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KWAIDAN: Stories and Studies of Strange Things (Lafcadio Hearn) online
By digging in the neighborhood of the pillar, he soon found a number of large jars full of gold coin. The discovery of this treasure made him a very rich man.
Afterwards he often tried to listen to the conversation of Ants. But he was never again able to hear them speak. The ointment of the goddess had opened his ears to their mysterious language for only a single day.
Now I, like that Chinese devotee, must confess myself a very ignorant person, and naturally unable to hear the conversation of Ants. But the Fairy of Science sometimes touches my ears and eyes with her wand; and then, for a little time, I am able to hear things inaudible, and to perceive things imperceptible.
For the same reason that it is considered wicked, in sundry circles, to speak of a non-Christian people having produced a civilization ethically superior to our own, certain persons will not be pleased by what I am going to say about ants. But there are men, incomparably wiser than I can ever hope to be, who think about insects and civilizations independently of the blessings of Christianity; and I find encouragement in the new Cambridge Natural History, which contains the following remarks by Professor David Sharp, concerning ants:--
"Observation has revealed the most remarkable phenomena in the lives of these insects. Indeed we can scarcely avoid the conclusion that they have acquired, in many respects, the art of living together in societies more perfectly than our own species has; and that they have anticipated us in the acquisition of some of the industries and arts that greatly facilitate social life."
I suppose that a few well-informed persons will dispute this plain statement by a trained specialist. The contemporary man of science is not apt to become sentimental about ants or bees; but he will not hesitate to acknowledge that, in regard to social evolution, these insects appear to have advanced "beyond man." Mr. Herbert Spencer, whom nobody will charge with romantic tendencies, goes considerably further than Professor Sharp; showing us that ants are, in a very real sense, ethically as well as economically in advance of humanity,-- their lives being entirely devoted to altruistic ends. Indeed, Professor Sharp somewhat needlessly qualifies his praise of the ant with this cautious observation:--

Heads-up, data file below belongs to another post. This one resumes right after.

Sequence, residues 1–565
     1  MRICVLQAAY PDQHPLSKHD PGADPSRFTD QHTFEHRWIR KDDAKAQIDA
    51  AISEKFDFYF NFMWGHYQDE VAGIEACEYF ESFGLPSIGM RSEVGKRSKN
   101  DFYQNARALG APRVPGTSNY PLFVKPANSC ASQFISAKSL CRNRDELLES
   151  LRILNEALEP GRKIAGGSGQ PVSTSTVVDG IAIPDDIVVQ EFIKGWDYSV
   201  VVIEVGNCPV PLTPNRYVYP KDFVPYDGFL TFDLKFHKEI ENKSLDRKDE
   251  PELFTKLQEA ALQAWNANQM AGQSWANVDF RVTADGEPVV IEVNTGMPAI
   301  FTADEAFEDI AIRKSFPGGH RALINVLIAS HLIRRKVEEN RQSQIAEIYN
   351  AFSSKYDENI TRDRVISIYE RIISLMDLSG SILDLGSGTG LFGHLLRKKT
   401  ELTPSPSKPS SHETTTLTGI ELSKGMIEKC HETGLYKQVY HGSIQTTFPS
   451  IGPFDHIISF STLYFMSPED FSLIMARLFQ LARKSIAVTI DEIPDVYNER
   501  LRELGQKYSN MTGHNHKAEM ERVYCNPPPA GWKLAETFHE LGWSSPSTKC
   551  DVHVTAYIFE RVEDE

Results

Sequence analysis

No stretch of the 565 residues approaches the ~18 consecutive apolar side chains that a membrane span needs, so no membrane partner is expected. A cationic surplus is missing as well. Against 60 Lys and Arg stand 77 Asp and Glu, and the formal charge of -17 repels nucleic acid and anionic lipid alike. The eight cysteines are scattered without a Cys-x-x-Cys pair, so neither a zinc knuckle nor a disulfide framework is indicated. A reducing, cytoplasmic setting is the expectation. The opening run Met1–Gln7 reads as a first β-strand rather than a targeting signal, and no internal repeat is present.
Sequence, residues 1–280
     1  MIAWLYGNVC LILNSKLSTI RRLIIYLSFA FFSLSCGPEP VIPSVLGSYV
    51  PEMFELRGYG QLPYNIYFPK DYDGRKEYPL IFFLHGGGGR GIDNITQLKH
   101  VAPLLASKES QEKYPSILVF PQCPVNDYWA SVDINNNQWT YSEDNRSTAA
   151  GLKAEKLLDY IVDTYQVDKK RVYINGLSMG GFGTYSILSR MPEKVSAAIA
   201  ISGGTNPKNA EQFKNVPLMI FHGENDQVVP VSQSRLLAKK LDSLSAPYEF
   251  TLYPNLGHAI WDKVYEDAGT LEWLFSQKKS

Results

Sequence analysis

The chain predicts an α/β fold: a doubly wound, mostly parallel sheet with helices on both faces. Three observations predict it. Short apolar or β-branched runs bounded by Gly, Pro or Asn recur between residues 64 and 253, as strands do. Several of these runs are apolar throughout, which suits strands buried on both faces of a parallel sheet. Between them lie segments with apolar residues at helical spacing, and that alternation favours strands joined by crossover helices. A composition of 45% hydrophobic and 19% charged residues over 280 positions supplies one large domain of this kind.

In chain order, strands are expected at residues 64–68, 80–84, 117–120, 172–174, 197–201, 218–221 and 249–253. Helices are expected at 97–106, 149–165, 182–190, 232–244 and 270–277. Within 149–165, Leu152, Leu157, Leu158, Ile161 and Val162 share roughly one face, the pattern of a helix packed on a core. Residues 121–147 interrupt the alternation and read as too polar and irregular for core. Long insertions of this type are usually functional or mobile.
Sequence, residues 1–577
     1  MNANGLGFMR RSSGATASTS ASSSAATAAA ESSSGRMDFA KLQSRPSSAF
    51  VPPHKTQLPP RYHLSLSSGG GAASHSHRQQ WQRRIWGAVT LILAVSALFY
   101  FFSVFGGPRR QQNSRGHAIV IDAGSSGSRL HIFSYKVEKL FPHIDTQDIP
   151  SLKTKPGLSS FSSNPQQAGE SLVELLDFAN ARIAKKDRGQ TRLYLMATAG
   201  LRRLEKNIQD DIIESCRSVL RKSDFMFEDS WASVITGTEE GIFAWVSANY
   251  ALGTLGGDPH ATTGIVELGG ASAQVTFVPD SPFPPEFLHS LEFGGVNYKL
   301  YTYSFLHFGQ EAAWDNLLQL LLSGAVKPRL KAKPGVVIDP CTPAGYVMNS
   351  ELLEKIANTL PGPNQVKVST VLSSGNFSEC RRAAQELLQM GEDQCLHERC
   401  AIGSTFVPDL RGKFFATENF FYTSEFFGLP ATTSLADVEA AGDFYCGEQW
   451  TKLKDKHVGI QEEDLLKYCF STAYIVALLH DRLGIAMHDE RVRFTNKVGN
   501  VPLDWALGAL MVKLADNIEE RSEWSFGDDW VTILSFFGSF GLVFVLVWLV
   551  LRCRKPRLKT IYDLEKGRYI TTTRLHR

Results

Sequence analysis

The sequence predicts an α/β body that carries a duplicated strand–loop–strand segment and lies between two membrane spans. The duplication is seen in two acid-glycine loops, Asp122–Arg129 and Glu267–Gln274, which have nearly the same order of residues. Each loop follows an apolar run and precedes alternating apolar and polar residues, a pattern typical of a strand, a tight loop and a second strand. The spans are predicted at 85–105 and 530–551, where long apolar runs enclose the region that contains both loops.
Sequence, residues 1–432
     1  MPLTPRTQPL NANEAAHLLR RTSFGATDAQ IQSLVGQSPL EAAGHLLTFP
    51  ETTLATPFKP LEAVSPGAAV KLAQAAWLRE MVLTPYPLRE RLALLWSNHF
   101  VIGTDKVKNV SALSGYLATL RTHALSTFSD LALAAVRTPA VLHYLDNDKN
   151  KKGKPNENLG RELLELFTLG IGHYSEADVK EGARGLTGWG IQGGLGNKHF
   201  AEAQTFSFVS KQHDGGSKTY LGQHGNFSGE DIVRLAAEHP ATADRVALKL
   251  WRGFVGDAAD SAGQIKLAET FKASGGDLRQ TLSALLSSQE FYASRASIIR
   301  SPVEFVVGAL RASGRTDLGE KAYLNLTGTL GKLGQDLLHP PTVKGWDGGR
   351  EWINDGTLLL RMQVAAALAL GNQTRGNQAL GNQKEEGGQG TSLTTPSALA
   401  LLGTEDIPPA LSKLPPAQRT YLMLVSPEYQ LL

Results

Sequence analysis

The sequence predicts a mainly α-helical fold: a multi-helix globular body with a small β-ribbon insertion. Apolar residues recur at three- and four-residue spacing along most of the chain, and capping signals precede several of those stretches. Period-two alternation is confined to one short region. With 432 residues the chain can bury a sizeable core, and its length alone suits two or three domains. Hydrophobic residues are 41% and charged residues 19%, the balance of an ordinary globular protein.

"The competence of the ant is not like that of man. It is devoted to the welfare of the species rather than to that of the individual, which is, as it were, sacrificed or specialized for the benefit of the community."
-- The obvious implication,-- that any social state, in which the improvement of the individual is sacrificed to the common welfare, leaves much to be desired,-- is probably correct, from the actual human standpoint. For man is yet imperfectly evolved; and human society has much to gain from his further individualization. But in regard to social insects the implied criticism is open to question. "The improvement of the individual," says Herbert Spencer, "consists in the better fitting of him for social cooperation; and this, being conducive to social prosperity, is conducive to the maintenance of the race." In other words, the value of the individual can be only in relation to the society; and this granted, whether the sacrifice of the individual for the sake of that society be good or evil must depend upon what the society might gain or lose through a further individualization of its members... But as we shall presently see, the conditions of ant-society that most deserve our attention are the ethical conditions; and these are beyond human criticism, since they realize that ideal of moral evolution described by Mr. Spencer as "a state in which egoism and altruism are so conciliated that the one merges into the other." That is to say, a state in which the only possible pleasure is the pleasure of unselfish action. Or, again to quote Mr. Spencer, the activities of the insect-society are "activities which postpone individual well-being so completely to the well-being of the community that individual life appears to be attended to only just so far as is necessary to make possible due attention to social life,... the individual taking only just such food and just such rest as are needful to maintain its vigor."